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Inside the VaticanFebruary 04, 2022
Mock folders with the labels "Secret Notes" and "Benedict XVI" concerning the abuse cases in the German Catholic Church are seen during a protest in front of the Catholic Academy in Munich Jan. 27, 2022. (CNS photo/Andreas Gebert, Reuters)

An investigation, last month, into sexual abuse in the German archdiocese of Munich and Freising found that when Pope Emeritus Benedict XVI served as its archbishop he had mishandled cases of sexual abuse committed by members of his clergy. His successors in Munich, Cardinal Friedrich Wetter and Cardinal Reinhard Marx, have also been accused of mishandling cases of sexual abuse.

This week on “Inside the Vatican,” host Colleen Dulle and veteran Vatican correspondent Gerard O’Connell continue their analysis into the allegations made in the report and Cardinal Marx’s subsequent response. They also discuss Gerry’s interview with Hans Zollner, S.J., a leading abuse prevention expert based at the Vatican.

Gerry reveals the pope emeritus’ contribution to the report was assembled by at least two German lawyers who were given a document that proved Benedict attended a 1980 meeting where one of the four abuse cases was discussed. Despite having the evidence, the lawyers wrote that Benedict was not present at the meeting, and Benedict signed their report. In a statement, Benedict attributed the mistake to an editing error.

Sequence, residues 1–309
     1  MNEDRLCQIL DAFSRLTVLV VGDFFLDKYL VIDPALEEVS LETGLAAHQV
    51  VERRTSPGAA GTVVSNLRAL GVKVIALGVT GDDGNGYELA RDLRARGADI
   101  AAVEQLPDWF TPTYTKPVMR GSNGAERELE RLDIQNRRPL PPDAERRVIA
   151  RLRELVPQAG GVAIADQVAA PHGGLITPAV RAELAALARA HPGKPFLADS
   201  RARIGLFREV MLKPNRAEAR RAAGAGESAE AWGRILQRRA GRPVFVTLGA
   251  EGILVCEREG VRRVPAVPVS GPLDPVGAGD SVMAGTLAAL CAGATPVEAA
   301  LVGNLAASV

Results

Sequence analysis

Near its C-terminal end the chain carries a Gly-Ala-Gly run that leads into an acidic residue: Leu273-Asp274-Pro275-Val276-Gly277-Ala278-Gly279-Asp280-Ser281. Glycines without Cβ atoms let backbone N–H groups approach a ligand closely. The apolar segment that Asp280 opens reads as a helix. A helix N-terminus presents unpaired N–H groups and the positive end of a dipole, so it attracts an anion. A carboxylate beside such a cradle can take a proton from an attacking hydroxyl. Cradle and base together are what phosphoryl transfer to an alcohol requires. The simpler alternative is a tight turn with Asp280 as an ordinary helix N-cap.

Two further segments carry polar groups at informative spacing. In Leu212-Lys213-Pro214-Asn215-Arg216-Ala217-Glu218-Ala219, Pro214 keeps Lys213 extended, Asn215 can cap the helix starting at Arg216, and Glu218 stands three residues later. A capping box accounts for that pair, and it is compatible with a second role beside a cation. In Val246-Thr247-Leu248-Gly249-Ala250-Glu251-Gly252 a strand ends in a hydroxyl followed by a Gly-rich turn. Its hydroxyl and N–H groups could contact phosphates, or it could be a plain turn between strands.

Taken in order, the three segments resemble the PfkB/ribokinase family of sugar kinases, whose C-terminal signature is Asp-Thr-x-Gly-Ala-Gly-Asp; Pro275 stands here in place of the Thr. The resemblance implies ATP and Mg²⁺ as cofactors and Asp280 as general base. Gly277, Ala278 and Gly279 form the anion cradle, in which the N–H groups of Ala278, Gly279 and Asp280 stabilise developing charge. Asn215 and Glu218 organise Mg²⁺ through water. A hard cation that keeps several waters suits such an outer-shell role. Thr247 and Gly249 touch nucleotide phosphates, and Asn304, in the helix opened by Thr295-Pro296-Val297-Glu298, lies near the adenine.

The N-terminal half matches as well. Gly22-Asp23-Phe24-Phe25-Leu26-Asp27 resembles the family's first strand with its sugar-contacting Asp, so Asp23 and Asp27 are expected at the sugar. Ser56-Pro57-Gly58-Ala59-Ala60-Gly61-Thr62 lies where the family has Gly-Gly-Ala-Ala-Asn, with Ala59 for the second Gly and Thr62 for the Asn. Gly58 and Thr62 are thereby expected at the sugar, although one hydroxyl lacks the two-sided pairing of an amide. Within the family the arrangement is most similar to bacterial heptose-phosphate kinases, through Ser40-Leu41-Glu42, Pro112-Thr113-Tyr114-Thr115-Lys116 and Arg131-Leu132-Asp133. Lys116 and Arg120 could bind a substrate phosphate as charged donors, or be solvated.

Colleen and Gerry also recap Pope Francis’ recent address where he counseled parents of L.G.B.T. children never to condemn their child, and the broader context within which this advice was given.

Links from the show:

Inside the Vatican: The German Synodal Way, Explained
Inside the Vatican: What you need to know about Pope Benedict’s record on sexual abuse
Father Hans Zollner on the German sex abuse report, Pope Benedict and the future of the church

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